By all accounts, 2010 should be another 1994 for Republicans. That year the GOP won the majority in the North Carolina House for the first time in almost a century and was approaching parity in voter registrations. But infighting, the inability to raise large dollars to conduct viable campaigns and sometimes lackluster candidates have always prevented Republicans from ever taking control. Will next year be different?
It’s time to take the pulse of the patient again. In this case, the patient is the North Carolina economy, and the diagnosed condition is the recession.
By many standards the recession is the worst – both in the nation and in our state – in more than 70 years. Record declines in wealth, spending and jobs have made this recession one for the books. In fact, economists are now calling it the “Great Recession.”
RALEIGH - Cynthia “Cindy” Graham Currin, 56, died Tuesday, Nov. 17, 2009 at her home. Funeral services were held Friday, Nov. 20, at First Assembly of God, Raleigh. Burial followed in Brier Creek Memorial Gardens.
KITTRELL - Funeral services for Larry Perry, 53, who died Tuesday, Nov. 17, 2009, will be conducted at 2 p.m. today (Saturday, Nov. 21) at Concord Baptist Church, with the Rev. Samuel Blalock officiating. Burial will follow in the church cemetery.
PERTH AMBOY, NJ—Funeral services for Zenora Yarborough McKnight, 84, formerly of Louisburg, who died Sunday, Nov. 15, 2009, will be conducted from 11 a.m. to 1 p.m. at Allen Chapel Baptist Church, Louisburg. Burial will follow in the church cemetery.
ZEBULON - Bobby Wess Jones Sr., 75, died Tuesday, Nov. 17, 2009 at his home. Funeral services were conducted Friday, Nov. 20, in the L. Harold Poole Funeral Service chapel in Knightdale, with Dr. Alfred Wright officiating. Burial followed in the Jones family cemetery, Rolesville Road, Wendell.
WAKE FOREST - Inez Davis Wheeler, 86, died Wednesday, Nov. 18, 2009. Funeral services were held Friday, Nov. 20, at Mary’s Chapel Baptist Church. Burial followed in the church cemetery.
ZEBULON - Cynthia Ann Pozzi Pena, 50, died Wednesday, Nov. 18, 2009. A memorial service will be held at 11 a.m. today (Saturday, Nov. 21) at Strickland Funeral Home, 211 W. Third St., Wendell.
LOUISBURG - Funeral services for Bill Alston, 94, who died Tuesday, Nov. 17, 2009, will be conducted at 2 p.m. Sunday, Nov. 22, at Richardson Funeral Home in Louisburg. Burial will follow in the Mary Helen Jones cemetery.
HARD WORK PAYS OFF. Louisburg College’s Elijah Smith (with ball) scores in the paint for the Hurricanes during Thursday night’s home victory against the Mount Olive College Junior Varsity Team at historic Holton Gymnasium on the LC campus.
LOUISBURG -- Even though his team was up by 18 points -- just a few minutes into the game -- head coach John Meeks was hardly overwhelmed by the performance of the Louisburg College men’s basketball squad.
Meeks wanted to stress to his players a long-time basketball fundamental -- that you never showboat against an overmatched opponent.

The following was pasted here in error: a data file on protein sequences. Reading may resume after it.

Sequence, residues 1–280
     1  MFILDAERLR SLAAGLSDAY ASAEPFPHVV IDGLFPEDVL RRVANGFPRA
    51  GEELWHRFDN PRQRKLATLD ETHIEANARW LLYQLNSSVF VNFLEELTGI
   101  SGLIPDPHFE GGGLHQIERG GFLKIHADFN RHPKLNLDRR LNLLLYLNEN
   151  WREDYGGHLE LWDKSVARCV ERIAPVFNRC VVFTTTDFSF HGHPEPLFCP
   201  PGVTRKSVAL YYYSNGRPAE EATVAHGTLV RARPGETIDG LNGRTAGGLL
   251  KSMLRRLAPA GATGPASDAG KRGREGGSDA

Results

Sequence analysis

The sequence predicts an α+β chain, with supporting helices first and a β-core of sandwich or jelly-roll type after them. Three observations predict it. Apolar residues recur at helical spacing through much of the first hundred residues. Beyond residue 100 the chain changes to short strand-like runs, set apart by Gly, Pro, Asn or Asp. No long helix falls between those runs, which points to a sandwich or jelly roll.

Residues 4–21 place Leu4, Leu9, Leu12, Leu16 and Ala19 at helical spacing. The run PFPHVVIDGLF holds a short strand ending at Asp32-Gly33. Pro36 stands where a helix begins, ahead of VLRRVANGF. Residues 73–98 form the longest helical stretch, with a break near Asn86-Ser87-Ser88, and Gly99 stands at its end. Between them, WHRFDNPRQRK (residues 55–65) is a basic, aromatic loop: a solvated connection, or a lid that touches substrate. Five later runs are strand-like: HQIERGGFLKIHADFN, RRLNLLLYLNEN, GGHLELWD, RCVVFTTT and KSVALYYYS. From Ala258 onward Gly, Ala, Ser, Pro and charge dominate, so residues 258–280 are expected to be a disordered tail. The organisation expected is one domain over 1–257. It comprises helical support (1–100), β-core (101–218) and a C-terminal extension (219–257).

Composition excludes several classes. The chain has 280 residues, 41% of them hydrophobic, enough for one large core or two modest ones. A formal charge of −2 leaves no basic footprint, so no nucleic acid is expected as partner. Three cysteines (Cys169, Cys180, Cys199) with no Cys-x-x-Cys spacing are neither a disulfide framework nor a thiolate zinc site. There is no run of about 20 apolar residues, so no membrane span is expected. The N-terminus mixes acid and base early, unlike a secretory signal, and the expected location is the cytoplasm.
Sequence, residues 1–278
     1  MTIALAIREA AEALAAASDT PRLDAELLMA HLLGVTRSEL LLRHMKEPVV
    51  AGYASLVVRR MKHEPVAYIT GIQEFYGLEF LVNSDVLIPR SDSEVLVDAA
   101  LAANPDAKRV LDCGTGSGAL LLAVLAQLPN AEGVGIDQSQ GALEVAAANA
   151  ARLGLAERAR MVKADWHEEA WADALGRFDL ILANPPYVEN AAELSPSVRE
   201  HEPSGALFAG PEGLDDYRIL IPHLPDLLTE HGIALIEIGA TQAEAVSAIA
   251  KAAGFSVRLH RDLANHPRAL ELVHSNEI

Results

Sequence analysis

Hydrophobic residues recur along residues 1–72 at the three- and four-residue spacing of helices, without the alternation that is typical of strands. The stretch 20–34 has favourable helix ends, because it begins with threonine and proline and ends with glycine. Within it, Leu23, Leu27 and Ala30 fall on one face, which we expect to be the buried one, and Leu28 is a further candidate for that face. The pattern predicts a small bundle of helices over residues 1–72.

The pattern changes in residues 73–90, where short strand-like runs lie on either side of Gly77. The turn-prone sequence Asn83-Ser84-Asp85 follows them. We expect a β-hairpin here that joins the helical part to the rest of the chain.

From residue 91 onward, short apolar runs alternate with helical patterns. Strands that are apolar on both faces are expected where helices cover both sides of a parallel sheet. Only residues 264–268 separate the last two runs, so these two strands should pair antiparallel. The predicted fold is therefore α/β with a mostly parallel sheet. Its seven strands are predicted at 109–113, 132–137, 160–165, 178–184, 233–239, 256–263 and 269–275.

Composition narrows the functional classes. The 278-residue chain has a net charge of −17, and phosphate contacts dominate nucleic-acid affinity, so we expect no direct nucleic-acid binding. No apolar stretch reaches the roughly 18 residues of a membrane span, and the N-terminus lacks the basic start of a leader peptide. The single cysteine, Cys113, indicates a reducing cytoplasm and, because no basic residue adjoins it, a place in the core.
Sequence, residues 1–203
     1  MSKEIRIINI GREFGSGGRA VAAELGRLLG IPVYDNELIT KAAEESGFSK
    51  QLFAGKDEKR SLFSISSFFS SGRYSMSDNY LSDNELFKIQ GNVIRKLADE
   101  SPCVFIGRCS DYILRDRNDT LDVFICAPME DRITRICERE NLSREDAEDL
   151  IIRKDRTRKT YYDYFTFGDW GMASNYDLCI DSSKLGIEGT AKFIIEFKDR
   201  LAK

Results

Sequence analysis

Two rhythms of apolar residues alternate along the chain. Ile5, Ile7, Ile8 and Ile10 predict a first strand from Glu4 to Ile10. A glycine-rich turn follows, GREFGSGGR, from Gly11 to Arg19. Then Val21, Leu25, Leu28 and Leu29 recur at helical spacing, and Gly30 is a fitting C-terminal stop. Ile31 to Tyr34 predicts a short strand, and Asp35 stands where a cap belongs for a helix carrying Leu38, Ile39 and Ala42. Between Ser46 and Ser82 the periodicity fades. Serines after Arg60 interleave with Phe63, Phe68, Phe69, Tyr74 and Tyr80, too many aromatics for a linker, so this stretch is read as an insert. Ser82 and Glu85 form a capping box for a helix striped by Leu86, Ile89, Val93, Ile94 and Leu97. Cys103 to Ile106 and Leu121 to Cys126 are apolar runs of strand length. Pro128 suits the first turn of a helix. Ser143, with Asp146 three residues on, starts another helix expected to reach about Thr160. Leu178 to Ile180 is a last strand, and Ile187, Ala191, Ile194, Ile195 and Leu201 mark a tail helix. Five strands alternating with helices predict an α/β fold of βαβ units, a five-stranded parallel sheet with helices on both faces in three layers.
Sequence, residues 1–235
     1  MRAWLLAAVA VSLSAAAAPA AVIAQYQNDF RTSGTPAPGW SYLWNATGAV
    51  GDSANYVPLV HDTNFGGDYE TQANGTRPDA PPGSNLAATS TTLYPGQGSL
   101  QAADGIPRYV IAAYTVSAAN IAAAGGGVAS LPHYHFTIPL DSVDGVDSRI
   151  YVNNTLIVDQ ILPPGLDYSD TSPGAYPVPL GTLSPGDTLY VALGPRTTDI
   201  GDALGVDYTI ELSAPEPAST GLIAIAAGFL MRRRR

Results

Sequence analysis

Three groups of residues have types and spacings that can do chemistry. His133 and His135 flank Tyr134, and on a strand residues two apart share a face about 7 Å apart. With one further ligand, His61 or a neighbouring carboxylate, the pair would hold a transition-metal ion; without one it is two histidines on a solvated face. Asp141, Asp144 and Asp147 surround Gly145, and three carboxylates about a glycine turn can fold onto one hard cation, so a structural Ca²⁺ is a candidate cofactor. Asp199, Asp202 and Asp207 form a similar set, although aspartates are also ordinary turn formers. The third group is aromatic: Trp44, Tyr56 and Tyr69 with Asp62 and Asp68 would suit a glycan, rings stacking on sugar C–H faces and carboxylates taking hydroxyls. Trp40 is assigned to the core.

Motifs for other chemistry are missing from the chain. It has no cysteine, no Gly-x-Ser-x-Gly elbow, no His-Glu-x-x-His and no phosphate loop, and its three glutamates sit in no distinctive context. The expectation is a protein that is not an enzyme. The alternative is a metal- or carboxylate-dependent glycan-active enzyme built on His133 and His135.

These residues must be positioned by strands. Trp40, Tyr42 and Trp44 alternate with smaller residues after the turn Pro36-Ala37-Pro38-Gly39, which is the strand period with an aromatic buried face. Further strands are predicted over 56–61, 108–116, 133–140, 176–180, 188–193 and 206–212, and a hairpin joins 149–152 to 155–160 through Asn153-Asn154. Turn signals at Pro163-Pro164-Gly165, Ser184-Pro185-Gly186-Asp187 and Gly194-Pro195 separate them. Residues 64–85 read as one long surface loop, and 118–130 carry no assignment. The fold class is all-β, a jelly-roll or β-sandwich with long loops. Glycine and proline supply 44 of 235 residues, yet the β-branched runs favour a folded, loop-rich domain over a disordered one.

That’s what Meeks felt like the Hurricanes did at times during Thursday’s 99-35 home decision over the Mount Olive College Junior Varsity at historic Holton Gymnasium on the LC campus.
WAKE FOREST -- Deficiencies can be exposed even in the biggest of blowouts.
That was evident Wednesday as the Louisburg College Lady Hurricanes drubbed Wake Tech by a 71-37 margin in a women’s basketball showdown at the historic Southeastern Bapist Theological Seminary Gymnasium.
Louisburg rolled the convincing victory against the first-year program, but LC head coach Mike Holloman was hardly thrilled.
WEST WINDSOR, N.J. -- Dave Sexton hasn’t been in the favorite’s chair too often during his storied tenure as Louisburg College’s men’s soccer coach.
But it’s always a role he relishes.
Friday afternoon, Sexton and his Hurricanes were scheduled to meet top-seeded Tyler Junior College in the semifinals of the National Junior College Athletic Association National Tournament.
World outrage followed the revelation that France’s Thierry Henry cheated to help his club win an important World Cup Qualifier against Ireland.
Earlier this week, Henry deliberately used his hand -- a soccer no-no -- to gain possession in the box in overtime. Henry then controlled the ball and passed it to a teammate, who scored the winning goal.
The response was of epic fury, with some experts even calling for the match to be replayed after Henry admitted he touched the ball with his hand on purpose.
To which I ask -- are y’all crazy?
NCC’s FINEST. Bunn High School senior hitter Katie Jones has been saluted as the Northern Carolina Conference Volleyball Player of the Year for the 2009 campaign. (Times photo by Geoff Neville)
FRANKLIN COUNTY -- Only the great unknown kept Bunn’s Katie Jones from having the perfect high school volleyball career.
After three incredible varsity seasons, Jones was ready for the ‘Match of Her Life’ as Bunn was getting ready to tangle with eventual state finalist Cedar Ridge in the third round of the Class 2-A State Playoffs.
Jones was hoping to have the opportunity to challenge herself against Cedar Ridge’s top net standouts -- and draw her Ladycats closer to a berth in the state finals.